How much exercise should we be getting? – Couch Potato Britain
Britain has one of the most sedentary populations on earth, with almost twice the proportion of people defined as ‘inactive’ as in neighbouring France, a study has shown. Of the French population, just under a third are inactive, while in the super-fit Netherlands less than a fifth of people are inactive.
Global figures reveal that even the Americans put us to shame when it comes to taking exercise.
In the UK, 63.3 % of the population fails to meet recommended levels of physical activity, increasing their risk of conditions such as heart disease, diabetes and cancer.
By comparison, 40.5 % of US citizens are inactive, despite more than 30 % of them being obese.
Researchers used World Health Organisation survey data, collected by questionnaire, to compare 122 countries representing 89 % of the world’s population.
Inactivity was defined as not meeting any of three criteria: 30 minutes of moderate activity such as a brisk walk, at least five days a week; 20 minutes of vigorous activity at least three days a week; or an equivalent combination of the two.
The findings, part of a series of studies on physical activity published in The Lancet medical journal, suggest that, worldwide, roughly 3 out of every 10 adults aged 15 and over do too little exercise.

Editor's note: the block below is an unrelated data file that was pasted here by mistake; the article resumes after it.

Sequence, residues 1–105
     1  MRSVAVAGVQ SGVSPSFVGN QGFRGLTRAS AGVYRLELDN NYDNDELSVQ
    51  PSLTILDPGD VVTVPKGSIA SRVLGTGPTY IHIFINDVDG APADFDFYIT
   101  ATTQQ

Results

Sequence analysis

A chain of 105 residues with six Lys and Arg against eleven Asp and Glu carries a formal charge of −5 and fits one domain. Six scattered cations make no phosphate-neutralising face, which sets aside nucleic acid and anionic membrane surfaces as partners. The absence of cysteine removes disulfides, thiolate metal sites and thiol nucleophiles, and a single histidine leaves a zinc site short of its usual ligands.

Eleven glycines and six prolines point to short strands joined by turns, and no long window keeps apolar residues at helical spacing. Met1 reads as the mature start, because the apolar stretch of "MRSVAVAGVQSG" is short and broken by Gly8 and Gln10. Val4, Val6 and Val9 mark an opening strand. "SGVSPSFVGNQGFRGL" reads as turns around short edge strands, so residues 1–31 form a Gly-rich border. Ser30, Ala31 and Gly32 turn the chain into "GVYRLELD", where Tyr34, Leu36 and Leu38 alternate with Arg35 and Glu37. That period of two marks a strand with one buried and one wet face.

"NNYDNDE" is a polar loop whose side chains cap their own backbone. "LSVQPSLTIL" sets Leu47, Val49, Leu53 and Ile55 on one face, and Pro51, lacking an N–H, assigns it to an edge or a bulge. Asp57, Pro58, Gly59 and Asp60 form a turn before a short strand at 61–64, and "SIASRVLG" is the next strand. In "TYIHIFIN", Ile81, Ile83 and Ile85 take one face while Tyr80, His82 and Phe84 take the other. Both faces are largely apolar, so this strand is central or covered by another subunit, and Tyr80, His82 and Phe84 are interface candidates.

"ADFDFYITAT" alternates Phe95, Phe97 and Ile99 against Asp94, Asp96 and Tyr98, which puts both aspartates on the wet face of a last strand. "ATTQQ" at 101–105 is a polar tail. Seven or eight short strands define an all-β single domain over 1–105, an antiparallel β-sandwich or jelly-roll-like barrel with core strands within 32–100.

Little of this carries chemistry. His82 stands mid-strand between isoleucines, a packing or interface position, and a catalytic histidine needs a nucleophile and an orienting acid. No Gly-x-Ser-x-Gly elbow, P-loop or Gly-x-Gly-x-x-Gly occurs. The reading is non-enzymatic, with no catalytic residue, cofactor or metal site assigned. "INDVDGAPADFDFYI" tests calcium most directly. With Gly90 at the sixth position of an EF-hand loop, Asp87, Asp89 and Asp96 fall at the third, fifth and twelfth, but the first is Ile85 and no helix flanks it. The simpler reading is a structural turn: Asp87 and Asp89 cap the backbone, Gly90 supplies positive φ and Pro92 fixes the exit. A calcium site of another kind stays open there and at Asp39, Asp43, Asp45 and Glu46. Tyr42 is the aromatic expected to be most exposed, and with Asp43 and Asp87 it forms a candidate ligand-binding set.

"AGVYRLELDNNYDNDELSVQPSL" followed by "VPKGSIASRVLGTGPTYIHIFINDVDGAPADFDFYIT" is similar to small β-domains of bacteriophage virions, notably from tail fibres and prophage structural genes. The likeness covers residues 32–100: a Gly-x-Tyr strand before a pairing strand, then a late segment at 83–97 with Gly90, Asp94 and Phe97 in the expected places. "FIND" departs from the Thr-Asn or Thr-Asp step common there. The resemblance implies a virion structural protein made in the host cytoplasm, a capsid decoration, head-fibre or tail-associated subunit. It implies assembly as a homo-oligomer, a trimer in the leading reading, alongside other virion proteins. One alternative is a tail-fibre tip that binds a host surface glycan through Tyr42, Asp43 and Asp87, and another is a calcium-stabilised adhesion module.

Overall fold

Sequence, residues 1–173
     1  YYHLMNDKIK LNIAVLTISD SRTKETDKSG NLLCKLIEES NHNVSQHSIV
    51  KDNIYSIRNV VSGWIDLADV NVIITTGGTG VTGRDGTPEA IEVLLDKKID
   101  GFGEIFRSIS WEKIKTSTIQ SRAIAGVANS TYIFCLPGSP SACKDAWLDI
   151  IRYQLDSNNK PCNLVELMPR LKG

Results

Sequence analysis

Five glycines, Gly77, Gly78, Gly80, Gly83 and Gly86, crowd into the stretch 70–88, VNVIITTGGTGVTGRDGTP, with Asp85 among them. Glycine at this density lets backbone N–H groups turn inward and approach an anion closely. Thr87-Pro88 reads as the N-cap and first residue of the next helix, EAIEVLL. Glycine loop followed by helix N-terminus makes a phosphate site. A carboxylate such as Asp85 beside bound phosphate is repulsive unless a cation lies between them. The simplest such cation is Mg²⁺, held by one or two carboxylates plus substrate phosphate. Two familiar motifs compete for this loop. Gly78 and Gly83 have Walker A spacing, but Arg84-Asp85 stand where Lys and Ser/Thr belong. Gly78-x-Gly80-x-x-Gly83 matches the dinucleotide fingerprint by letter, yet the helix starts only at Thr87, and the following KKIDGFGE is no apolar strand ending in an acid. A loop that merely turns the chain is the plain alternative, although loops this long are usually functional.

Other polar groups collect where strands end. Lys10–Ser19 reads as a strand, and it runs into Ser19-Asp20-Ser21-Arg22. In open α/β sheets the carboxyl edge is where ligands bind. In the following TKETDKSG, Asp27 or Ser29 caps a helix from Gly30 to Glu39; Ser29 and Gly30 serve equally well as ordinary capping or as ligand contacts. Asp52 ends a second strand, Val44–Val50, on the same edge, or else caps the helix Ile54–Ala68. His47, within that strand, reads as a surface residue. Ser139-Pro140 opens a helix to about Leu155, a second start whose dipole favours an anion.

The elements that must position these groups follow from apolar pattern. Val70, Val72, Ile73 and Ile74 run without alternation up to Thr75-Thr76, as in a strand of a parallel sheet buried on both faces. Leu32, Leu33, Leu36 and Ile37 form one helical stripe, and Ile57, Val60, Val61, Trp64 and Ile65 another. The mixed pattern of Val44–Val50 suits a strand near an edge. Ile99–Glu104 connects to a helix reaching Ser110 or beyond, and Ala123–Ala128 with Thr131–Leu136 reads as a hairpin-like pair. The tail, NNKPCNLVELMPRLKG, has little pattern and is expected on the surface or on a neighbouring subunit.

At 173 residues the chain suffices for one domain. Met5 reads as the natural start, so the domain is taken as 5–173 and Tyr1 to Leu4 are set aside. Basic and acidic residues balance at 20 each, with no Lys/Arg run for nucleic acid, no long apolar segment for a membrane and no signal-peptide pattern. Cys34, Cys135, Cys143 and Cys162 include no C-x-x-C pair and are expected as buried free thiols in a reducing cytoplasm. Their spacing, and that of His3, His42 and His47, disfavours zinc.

‘Societal trends are leading to less not more activity than previously, and with few exceptions, health professionals have been unable to mobilise governments and populations to take physical inactivity seriously as a public health issue.’
The research also found that more than four fifths of 13 to 15-year-olds around the world do not get the minimum recommended hour of moderate exercise a day.
A second study found that lack of physical activity leads to between 6 & 10 % of all cases of heart disease, type-2 diabetes, and breast and bowel cancer.
Globally, it was responsible for around 5.3million of the 57million deaths that occurred in 2008.
The contribution of insufficient exercise to disease and shortened lifespan was similar to that of smoking or obesity.
Amy Thompson, senior cardiac nurse at the British Heart Foundation (BHF), said: ‘The results of this study, though shocking, tell us what we already know. Being physically active can have huge benefits for your health.
‘Adults should try and be active every day, and build up to at least 150 minutes of moderate intensity exercise each week. Moderate intensity means any activity, which causes you to become warm, increases your heart rate slightly and gets you breathing a little harder than normal.
Are you getting the recommended amount of physical activity a week?